Modern anti-cancer treatments are focused on development of molecular based therapies i.e. specific treatments targeted against underlying biological processes. There is still much to learn about the biology of cancer, especially in tumours such as colorectal and lung cancer where it is likely multiple heterogenous signaling pathways are responsible for progression of disease. This project aims to evaluate circulating tumour cells (CTCs) as a surrogate biomarker for tumour characteristics and to determine how they may used to identify new targets for therapeutic agents. Their use could be applied to diagnosis of cancer, prediction of response to therapies and prognosis, ultimately across a broad range of tumour types. Currently the only way to investigate molecular features of a cancer is through procurement of an invasive tumour biopsy that is often difficult to obtain, often results in insufficient material and is unpleasant for the patient. A blood-based test would provide a much more practical and patient friendly alternative. The enumeration and molecular characterisation of CTCs has the novel potential of being a "virtual biopsy" of the tumour and offers the opportunity for immediate therapeutic decisions (eg. if the tumour develops a therapy resistant genotype while on treatment). CTCs have been known to circulate in bloodstream of cancer patients for many years and are known to lead to cancer metastases. They have been very difficult to detect, up until recently, due to the complexity of the metastatic process and detecting relatively small numbers of CTCs amongst billions of red and white blood cells. However, technology has moved on dramatically in the last few years. The FDA approved CellSearch platform (Veridex, NJ) can isolate and enumerate CTCs based on the immunomagnetic capture of EpCAM (epithelial cell adhesion molecule) positive cells. Several studies have recently demonstrated the value of CTC enumeration in reflecting prognosis and predicting early response to systemic chemotherapy. For example, in a study comprising 456 patients with metastatic colorectal cancer starting a new line of therapy, patients with =3 CTCs per 7.5 ml blood at baseline had shorter progression free survival (PFS) and overall survival (OS) compared to those patients with < 3CTCs at baseline (PFS 4.5 versus 7.9 months P=0.0001; OS 8.5 versus 19.1 months P=0.0000 respectively). Overall survival for patients converting to or maintaining CTCs =3 within a few weeks of commencing systemic therapy remained worse than for those patients maintaining CTC counts < 3 per 7.5ml blood. Similar results have been reported in patients with breast and hormone refractory prostate cancer (HRPC). These studies have led to FDA approval of the CellSearch system as an adjunct to monitoring patients with these 3 tumour types. The CellSearch platform, however, does not allow for the downstream DNA analysis of captured cells and the ferroparticle-coated CTCs are non-viable. Furthermore, this platform is a multi-machine, multi-kit system that is laborious (typical 3-7 days turnover time), expensive (USD 650), and subject to operator variance. In this protocol, the investigators propose for the first time, an automated, fully quantitative system for isolation and enrichment of CTCs. The key differentiating feature of our novel CMOS system is the electrochemical identification and counting of tumour cells using a high density electrode array with associated electronics for addressing the electrodes. This leads to a standardized assay for tumour cells with a shorter turnover time and without the need of a skilled operator. This system also holds the potential for allowing the molecular characterization of CTCs. This study aims to enumerate CTCs using a novel CMOS technology in patients with metastatic cancer who are scheduled to receive palliative chemotherapy, and to correlate CTC number with clinical outcome. In Part I of the study, the investigators will recruit 10 patients with metastatic NSCLC and 10 patients with metastatic CRC in order to assess the feasibility of CTC enumeration in patients. In particular, the investigators aim to establish whether CTCs are detectable using the novel CMOS technology in patients with metastatic cancer. In Part II of the study, the investigators will recruit 21 patients with metastatic NSCLC and 89 patients with metastatic CRC in order to compare CTC counts as determined by the CMOS technology with CTC counts as determined by the CellSearch platform. Blood samples will be collected at a single time point prior to the start of palliative chemotherapy. CTC numbers will be correlated with clinical outcome in all evaluable patients.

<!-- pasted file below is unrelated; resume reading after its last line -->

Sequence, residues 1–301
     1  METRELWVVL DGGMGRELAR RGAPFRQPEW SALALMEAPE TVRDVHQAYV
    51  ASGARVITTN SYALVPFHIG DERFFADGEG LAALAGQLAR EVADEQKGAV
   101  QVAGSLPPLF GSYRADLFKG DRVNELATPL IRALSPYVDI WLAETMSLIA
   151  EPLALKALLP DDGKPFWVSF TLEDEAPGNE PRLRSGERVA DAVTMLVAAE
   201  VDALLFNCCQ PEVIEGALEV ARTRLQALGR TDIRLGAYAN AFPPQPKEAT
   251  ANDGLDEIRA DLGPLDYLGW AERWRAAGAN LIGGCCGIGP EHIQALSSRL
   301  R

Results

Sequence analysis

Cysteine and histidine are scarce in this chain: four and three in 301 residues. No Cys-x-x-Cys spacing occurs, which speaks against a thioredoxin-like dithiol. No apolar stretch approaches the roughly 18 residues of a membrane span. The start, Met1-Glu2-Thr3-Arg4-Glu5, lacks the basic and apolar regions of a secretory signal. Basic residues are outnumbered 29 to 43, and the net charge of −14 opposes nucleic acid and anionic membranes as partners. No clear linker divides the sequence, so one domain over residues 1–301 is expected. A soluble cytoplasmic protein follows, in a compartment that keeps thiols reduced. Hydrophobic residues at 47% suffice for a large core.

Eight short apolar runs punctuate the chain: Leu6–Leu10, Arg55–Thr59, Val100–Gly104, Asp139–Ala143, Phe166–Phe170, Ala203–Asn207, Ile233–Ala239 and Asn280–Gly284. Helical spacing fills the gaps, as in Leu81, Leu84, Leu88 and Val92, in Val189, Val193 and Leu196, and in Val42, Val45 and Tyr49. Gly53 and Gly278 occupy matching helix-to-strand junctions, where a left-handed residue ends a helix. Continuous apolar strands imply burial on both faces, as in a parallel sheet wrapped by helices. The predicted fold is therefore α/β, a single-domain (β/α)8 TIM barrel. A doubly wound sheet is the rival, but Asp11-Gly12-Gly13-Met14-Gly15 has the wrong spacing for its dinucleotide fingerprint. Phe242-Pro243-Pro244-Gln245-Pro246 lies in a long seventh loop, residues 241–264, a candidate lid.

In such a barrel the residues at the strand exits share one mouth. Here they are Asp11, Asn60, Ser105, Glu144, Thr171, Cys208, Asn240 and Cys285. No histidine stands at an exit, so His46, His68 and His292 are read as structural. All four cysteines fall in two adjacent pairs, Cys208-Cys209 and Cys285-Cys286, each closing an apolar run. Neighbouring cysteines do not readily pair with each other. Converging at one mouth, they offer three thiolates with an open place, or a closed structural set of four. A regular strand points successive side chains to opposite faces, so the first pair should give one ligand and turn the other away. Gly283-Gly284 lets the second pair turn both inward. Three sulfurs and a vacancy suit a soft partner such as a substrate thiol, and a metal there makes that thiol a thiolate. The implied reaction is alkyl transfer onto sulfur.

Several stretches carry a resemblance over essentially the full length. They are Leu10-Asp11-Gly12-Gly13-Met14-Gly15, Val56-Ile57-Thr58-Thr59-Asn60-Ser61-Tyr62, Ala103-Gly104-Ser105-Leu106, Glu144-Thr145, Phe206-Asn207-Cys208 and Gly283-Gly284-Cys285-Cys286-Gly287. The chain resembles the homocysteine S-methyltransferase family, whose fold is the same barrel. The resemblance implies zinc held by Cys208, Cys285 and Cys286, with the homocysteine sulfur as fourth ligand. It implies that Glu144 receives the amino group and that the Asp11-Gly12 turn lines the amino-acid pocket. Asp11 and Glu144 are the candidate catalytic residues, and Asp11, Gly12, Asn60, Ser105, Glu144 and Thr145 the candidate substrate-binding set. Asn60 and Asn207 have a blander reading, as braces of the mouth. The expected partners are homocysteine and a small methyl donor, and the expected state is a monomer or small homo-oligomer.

The investigators hypothesize that CTC enumeration by a novel CMOS technology is non-inferior to CTC enumeration by the CellSearch platform in patients with advanced solid malignancies.